Publishers Weekly : In a detour from her first three outings featuring the delightful Meg Langslow (Revenge of the Wrought-Iron Flamingos, etc.), Andrews pulls her quirky new sleuth, Turing Hopper, from cyberspace. Turing, named for AI pioneer Alan Turing, is an AIP Artificial Intelligence Personality and the star of a vast number of research programs housed at Universal Library (UL) in Crystal City outside Washington, D.C. Turing's personalized banter with her customers is so down to earth she seems almost real, and she herself begins to believe she's becoming sentient. When her programmer, Zach Malone, mysteriously disappears, Turing suspects foul play and explores every avenue within her capabilities to find him. Needing human aid, she asks Tim Pincoski, UL's "Xeroxcist," and Maude Graham, secretary to a UL executive, for help. Programming an investigation takes Turing beyond her limited form and all three into corporate espionage, danger and murder. UL surveillance cameras are everywhere, and Turing's capacity to invade files and data in almost every area scarily evokes Big Brother. Without a doubt, this is a unique effort executed with great skill. The high-tech investigation, Turing's plan for herself and her ruminations about becoming almost human are sure to engage computer buffs everywhere. Fans looking for the lighthearted, humorous romps of the author's earlier books, however, may be disappointed.

Copyright 2002 Cahners Business Information, Inc. Distributed by Syndetic Solutions Inc. Terms

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2002 (Best First Novel)
In the Bleak Midwinter
Click to search this book in our catalog   Julia Spencer-Fleming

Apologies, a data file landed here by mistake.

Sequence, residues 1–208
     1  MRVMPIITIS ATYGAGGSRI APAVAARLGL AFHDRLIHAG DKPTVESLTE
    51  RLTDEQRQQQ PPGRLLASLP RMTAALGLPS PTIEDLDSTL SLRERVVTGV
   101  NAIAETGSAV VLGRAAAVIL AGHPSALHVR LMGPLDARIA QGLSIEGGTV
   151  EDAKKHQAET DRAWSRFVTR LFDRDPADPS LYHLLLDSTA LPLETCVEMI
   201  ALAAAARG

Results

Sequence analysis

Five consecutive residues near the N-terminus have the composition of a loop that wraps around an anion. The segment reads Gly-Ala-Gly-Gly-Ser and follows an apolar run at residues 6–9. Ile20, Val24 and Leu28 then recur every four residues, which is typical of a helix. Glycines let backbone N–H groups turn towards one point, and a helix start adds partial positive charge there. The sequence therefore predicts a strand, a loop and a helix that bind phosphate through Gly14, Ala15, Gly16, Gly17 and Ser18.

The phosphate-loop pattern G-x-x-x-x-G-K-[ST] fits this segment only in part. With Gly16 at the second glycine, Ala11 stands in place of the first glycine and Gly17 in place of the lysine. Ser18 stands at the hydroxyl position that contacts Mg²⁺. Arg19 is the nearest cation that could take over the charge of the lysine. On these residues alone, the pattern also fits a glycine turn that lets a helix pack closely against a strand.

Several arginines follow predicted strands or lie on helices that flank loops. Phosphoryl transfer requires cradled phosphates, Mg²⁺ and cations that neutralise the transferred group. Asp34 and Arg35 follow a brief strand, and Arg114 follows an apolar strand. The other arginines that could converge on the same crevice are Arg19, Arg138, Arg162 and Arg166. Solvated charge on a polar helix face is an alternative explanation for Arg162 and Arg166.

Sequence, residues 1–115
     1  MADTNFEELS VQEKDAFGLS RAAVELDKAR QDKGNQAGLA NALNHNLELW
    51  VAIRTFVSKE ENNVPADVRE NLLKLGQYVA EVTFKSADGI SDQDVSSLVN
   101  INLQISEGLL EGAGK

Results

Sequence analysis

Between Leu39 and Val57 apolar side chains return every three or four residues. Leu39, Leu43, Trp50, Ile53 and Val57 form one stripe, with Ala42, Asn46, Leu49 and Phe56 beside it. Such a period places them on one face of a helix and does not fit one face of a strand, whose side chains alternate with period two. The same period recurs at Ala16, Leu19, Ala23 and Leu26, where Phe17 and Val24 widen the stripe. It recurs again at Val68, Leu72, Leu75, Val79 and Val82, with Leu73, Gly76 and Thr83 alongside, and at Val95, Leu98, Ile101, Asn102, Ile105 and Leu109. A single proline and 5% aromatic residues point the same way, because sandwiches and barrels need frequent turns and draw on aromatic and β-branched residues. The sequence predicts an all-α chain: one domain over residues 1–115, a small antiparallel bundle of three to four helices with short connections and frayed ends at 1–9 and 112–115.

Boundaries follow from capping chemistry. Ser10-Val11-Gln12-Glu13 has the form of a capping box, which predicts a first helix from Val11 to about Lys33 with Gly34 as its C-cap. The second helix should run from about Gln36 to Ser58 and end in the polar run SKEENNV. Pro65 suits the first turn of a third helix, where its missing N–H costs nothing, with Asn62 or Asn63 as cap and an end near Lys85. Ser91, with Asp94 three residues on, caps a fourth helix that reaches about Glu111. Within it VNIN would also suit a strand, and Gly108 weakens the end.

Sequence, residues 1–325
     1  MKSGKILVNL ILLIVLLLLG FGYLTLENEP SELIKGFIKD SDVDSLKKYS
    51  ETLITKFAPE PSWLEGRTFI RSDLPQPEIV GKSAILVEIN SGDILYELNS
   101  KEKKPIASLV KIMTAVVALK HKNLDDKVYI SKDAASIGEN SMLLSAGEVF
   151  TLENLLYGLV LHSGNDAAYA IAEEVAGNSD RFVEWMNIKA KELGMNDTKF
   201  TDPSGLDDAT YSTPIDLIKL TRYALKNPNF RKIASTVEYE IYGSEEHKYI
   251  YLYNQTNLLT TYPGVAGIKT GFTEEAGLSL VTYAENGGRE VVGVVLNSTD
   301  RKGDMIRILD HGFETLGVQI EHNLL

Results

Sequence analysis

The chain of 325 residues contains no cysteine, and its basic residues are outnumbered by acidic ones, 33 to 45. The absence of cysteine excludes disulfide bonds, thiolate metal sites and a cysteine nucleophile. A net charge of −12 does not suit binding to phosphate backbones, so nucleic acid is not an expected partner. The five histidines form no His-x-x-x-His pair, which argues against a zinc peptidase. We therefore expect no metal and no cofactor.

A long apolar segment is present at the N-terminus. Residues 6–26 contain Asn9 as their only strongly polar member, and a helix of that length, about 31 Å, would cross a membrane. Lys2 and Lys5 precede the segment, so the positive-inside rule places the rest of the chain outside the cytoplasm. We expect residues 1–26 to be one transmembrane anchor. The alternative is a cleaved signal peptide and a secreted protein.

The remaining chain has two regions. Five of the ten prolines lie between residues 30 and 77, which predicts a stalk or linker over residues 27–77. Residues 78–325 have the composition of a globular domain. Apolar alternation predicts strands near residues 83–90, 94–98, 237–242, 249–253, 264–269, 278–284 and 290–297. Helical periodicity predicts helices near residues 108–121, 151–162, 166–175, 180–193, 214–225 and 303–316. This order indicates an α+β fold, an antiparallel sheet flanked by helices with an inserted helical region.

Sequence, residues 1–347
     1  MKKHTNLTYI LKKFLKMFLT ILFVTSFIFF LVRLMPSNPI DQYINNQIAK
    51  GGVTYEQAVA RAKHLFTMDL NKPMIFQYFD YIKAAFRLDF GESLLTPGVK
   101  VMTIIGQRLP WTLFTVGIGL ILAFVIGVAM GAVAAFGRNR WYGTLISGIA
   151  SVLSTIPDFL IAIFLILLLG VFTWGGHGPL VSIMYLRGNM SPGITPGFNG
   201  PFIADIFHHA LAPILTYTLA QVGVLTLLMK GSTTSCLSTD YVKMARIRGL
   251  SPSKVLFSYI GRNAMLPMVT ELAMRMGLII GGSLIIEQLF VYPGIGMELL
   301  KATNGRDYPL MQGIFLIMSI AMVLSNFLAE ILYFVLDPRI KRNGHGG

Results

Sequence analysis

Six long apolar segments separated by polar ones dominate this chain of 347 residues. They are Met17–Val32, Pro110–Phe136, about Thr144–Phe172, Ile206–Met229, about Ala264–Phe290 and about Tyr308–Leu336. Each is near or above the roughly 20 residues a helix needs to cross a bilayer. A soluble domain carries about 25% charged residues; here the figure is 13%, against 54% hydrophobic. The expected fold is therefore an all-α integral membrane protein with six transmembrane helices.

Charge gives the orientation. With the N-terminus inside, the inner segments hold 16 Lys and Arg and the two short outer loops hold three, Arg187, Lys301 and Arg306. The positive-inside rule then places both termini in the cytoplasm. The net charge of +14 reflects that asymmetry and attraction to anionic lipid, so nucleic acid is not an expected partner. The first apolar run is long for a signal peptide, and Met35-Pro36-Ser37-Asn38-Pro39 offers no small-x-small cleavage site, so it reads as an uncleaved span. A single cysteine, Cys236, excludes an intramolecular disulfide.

2002 (Best Juvenile)
Red Card: A Zeke Armstrong Mystery
Click to search this book in our catalog   Daniel J. Hale
School Library Journal : Gr 4-7-Ezekial Tobias Armstrong, a soccer whiz and mystery sleuth, helps to find out who is trying to kill his coach while they are playing a tournament in Dallas. Zeke also helps to hold his teammates together as they move through the competition without their coach, who has been hospitalized. The constant action and excitement of the play-by-play, the mystery, and Zeke's first-person narration should hold readers' attention. As in many novels for young people, the adults don't appear too bright. While knowledge of soccer is not necessary to understand the descriptions, it helps.-Janice C. Hayes, Middle Tennessee State University, Murfreesboro

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2001 (Best Novel)
Murphys Law
Click to search this book in our catalog   Rhys Bowen
Library Journal : Mosley's first foray into writing science fiction since Blue Light (LJ 10/1/98), these interrelated stories, set in the near future, read as a natural but chilling extension of our present. From child genius Ptolemy Bent, sentenced to prison for euthanizing his grandmother and uncle, to female boxer Fera, who becomes a feminist icon for the 21st century, his characters battle for both personal survival and a chance to turn back the clock. In this futuristic world, privacy is little but a memory and prejudice and suspicion still sour race relations. Mosley's reputation as the best-selling author of the Easy Rawlins mysteries may entice a number of his regular readers to pick up this book, where they will find some of the same bleak outlook, flashes of insight, and true-to-life African American characters. An additional audience will come from iPublish.com, where the first two stories were previously published as e-books. Recommended for all public libraries. [Previewed in Prepub Alert, LJ 7/01.] Rachel Singer Gordon, Franklin Park